There’s an interesting article in the ICAEW’s magazine Economia this month, quoting Paul Bannister, Head of Policy at the Insolvency Service. He makes the case that the emergency measures the government introduced to cope with the pandemic were of two types, temporary and permanent, writes Stephen Wade, a Partner specialising in insolvency and debt recovery in our Dispute Resolution Department.
“The sudden beginning of the pandemic and the imposition of the first lockdown brought about an economic scenario we’ve never seen before,” Bannister says. “It was obvious very quickly that the government had to bring in some extraordinary measures that it had never done before.
“It would normally take an Act of Parliament of the scale that was introduced, about a year and a half ago, to both develop and get through the parliamentary process we were given 12 weeks.”
The Act in question was the Corporate Insolvency & Governance Act 2020.
The permanent measures
“The idea was that the (company) moratorium would give companies 20 days of breathing space from their creditors, whilst they could attempt to try and find a rescue out of their immediate financial problems,” said Bannister.
“The restructuring plan, which was the second part of the restructuring package, was a flexible tool to allow companies to restructure their debts.”
Cross Class Cram Down (CCCD), was one of the new measures ensuring that even dissenting classes of creditors be crammed down on their debt, even if they disagreed – often a major issue in restructuring. Before this Act, Economia explains, many rescue procedures couldn’t get through because of it.
The temporary measures
The two principal temporary measures were the relaxation of wrongful trading and the restriction of winding-up companies. Bannister said wrongful trading is a deterrent measure that is there to protect creditors from directors who will continue to trade even if their company is clearly insolvent.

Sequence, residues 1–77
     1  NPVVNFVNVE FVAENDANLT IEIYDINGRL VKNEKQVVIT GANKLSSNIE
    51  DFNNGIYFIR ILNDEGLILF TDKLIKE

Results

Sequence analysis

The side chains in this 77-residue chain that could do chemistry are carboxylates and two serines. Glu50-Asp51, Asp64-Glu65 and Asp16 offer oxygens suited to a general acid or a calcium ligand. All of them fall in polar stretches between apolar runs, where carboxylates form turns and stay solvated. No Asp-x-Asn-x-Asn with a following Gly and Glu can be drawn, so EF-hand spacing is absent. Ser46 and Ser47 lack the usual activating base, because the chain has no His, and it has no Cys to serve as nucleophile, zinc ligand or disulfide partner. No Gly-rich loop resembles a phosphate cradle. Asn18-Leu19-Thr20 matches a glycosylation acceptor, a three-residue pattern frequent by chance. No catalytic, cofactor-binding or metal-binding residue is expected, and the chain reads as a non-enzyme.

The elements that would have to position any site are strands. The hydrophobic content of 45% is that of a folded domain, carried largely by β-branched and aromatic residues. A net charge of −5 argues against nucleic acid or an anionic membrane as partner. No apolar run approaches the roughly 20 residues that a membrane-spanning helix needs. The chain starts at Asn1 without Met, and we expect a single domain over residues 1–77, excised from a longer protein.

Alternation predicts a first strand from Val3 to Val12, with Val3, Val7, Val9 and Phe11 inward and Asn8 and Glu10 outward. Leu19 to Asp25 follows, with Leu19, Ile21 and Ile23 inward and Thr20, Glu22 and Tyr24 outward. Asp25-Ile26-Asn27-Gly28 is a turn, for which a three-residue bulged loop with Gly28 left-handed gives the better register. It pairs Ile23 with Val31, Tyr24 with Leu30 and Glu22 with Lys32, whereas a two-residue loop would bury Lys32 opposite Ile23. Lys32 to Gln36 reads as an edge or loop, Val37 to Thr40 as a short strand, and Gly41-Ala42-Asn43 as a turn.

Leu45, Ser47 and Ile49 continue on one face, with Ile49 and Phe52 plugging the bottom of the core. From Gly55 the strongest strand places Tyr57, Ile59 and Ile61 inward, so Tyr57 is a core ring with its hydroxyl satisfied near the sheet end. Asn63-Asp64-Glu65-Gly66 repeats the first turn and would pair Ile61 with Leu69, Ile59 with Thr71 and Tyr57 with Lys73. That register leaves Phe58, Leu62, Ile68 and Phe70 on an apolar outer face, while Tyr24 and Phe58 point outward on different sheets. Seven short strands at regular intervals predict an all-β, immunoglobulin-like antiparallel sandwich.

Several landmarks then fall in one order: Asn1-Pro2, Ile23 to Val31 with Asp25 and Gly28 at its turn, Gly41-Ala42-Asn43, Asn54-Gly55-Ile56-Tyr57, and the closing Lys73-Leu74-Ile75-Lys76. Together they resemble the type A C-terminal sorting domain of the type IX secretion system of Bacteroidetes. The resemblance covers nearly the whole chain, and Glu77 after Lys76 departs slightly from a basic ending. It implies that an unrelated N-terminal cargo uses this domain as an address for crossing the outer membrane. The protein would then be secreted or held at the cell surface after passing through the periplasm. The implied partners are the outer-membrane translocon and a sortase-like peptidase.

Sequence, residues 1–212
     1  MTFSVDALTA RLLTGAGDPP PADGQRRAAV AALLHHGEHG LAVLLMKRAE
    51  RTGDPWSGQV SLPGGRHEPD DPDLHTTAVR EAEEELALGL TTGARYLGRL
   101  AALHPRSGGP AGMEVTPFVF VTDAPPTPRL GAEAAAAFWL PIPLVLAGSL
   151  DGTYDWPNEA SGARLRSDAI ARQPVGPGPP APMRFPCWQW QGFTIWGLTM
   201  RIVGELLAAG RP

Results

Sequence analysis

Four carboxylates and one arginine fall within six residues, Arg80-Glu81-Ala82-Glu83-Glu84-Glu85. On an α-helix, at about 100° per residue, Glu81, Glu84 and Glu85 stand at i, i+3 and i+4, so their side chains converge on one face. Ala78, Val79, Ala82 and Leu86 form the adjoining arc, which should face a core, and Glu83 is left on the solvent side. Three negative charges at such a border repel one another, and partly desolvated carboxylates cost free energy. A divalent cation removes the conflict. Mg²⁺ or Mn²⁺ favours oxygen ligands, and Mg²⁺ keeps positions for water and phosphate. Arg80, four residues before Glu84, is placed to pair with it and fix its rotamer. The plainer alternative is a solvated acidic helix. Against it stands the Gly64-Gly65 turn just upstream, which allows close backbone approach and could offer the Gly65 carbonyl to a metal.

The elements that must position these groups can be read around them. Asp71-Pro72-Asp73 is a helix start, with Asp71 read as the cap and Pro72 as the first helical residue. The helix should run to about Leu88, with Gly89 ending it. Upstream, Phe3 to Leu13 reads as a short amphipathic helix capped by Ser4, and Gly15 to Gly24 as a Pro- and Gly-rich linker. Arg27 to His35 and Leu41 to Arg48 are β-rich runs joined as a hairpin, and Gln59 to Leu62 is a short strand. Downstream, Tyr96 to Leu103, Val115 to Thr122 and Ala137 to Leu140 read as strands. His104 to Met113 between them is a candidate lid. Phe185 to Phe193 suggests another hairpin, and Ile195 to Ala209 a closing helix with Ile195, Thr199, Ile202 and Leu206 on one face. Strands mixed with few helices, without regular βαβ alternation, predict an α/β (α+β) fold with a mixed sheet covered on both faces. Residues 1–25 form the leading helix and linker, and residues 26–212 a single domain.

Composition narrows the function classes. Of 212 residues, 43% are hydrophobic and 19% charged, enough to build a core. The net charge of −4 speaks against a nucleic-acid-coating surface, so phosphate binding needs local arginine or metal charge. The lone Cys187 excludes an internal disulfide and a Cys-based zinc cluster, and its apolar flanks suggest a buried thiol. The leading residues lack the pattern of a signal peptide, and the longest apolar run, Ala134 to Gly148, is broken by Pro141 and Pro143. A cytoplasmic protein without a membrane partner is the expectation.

“However, this proved to be an immediate problem at the onset of the first lockdown because it became clear many companies could be technically insolvent because they were unable to trade. And we were concerned that they would have to put their business into insolvency despite being essentially viable, but just in these very unusual circumstances, so we had to act quickly on this.”
Commercial landlords in particular were using winding up petitions due to non collection of rent as a way of forcing their tenants to pay. Restricting landlords from doing this was the government’s way of ensuring that many businesses continued to trade their way through the pandemic.
The extension of wrongful trading provisions have been renewed three times, but are due to expire at the end of June. Rishi Sunak, the Chancellor of the Exchequer, has indicated in recent days that a fourth extension is not being considered, although this is perhaps contingent on the current lockdown restrictions being lifted later in July.
It’s fair to say, the picture’s fluid.
Have these temporary measures all done their job?
Certainly, the number of company closures is down compared to the similar period in 2019, so in that regard the Act has prevented a big rise in insolvencies, protecting many thousands of businesses, jobs and vital investment. However, when the furlough scheme ends in September and protection from commercial landlords against eviction is lifted it would be naïve to argue that insolvencies are not going to rise above trend, in my opinion.
As Paul Bannister concludes, “The key is what happens once all these measures finally expire, and it’s time for the economy to stand on its own again.”
You can read the whole of his interview here.
The above is accurate as at 21st June 2021. The information above may be subject to change during these ever-changing times.
The content of this note should not be considered legal advice and each matter should be considered on a case-by-case basis.